Carriage of delights


While I was away in Costa Rica, my wife bought a baby-carrying backpack, secondhand, from people who had only ever used it once. It awaited me in all its bright green, pristine splendour, waiting to be used.

It’s a big old piece of apparatus. There’s a rigid metal frame that you clamp your baby into, with an adjustable seat and lots of straps, and then there’s a few funny moments as you put the backpack on, with baby installed in the back and flopping around all over the place as you put on the first, then the second arm strap. And then, hip and chest belts secured, off you go.

La Serpiente Negra was unexpectedly happy: much more so than when I put her on my back in the Manduca a couple of months ago. She chatted away and grinned at people for almost all of our walk, rebelling in being at head height and capable of looking people in the eye. I surmise part of this is she’s now tall enough to see over my shoulder; it can’t have been thrilling to just see my back before.

Even without a baby in the seat, the backpack is pretty heavy, and exhausting to wear. I suspect that the previous owners suffered buyer’s remorse when they realized how hard it would be to transport their progeny this way. It’s much easier to put your baby into a wheeled device of some sort or other, but the advantage of having them strapped to your body is that you have much more choice of terrain. It doesn’t matter how SUV-like our stroller is styled, put it on marshy ground and it will bog down and get stuck. With the Manduca or this backpack, anything I can walk over becomes accessible. The other advantage over the Manduca is the separation; rather than our daughter being tightly strapped to us, there’s some space for air to flow and for both her and her bearer to dissipate heat. Thus, it’s much more comfortable, apart from around the shoulders.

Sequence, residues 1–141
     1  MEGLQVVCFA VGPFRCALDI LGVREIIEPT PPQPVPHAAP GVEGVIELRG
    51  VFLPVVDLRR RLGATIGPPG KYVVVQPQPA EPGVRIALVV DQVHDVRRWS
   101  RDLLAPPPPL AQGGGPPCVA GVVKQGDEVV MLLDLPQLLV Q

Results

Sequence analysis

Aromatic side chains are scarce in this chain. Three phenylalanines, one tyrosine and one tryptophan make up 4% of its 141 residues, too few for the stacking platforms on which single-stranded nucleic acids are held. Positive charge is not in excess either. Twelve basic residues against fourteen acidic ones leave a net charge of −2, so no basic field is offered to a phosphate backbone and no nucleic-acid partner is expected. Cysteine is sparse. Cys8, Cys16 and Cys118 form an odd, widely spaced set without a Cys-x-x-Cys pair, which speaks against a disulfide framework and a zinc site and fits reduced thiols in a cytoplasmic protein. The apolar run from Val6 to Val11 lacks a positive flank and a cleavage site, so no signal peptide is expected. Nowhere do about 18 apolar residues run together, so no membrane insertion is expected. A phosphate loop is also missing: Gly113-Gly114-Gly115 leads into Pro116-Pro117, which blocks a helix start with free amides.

The weight is something of a problem. I’m going to have to be disciplined and walk around with it on for at least an hour every weekend, and gradually work up to a longer period (or a heavier baby). Having my hands free means I should be able to engage in sword fights on wobbly rope bridges / eat pizza with both hands / do the YMCA dance without dropping our daughter on the ground, and possibly means over time I’ll get stronger. Which means I’ll be more capable of carrying babies around on my back. Limited usefulness, anyone?

That is, unless I change occupation to professional baby carrier. There’s got to be a few roles open for somebody with all their own equipment and a winning smile, right?

Well, all their own equipment, anyway.

I was thoroughly exhausted by carrying her around. Then again, I was thoroughly exhausted before I put her on, a combination of jet lag, sleep deprivation and an allergic reaction to Singapore that had gallons of gunk pouring out of my nose all morning. So I’m still confident that if I stick diligently to a fitness programme, I should be strong enough to transport my daughter on my back for longish distances. If only I’d gone to the gym more when I had the chance.


One response to “Carriage of delights”

  1. First time I wore a child in a backpack I almost collapsed. I think she was about 8 months old. Second time round out of necessity I’d carried around in the back pack since about 4 months (? is this possible? I no longer remember. Small, anyway.) and my strength seemed to build up so that it wasn’t a problem.

    I think I’d be back to the stage of collapse if I were to try again without practice.

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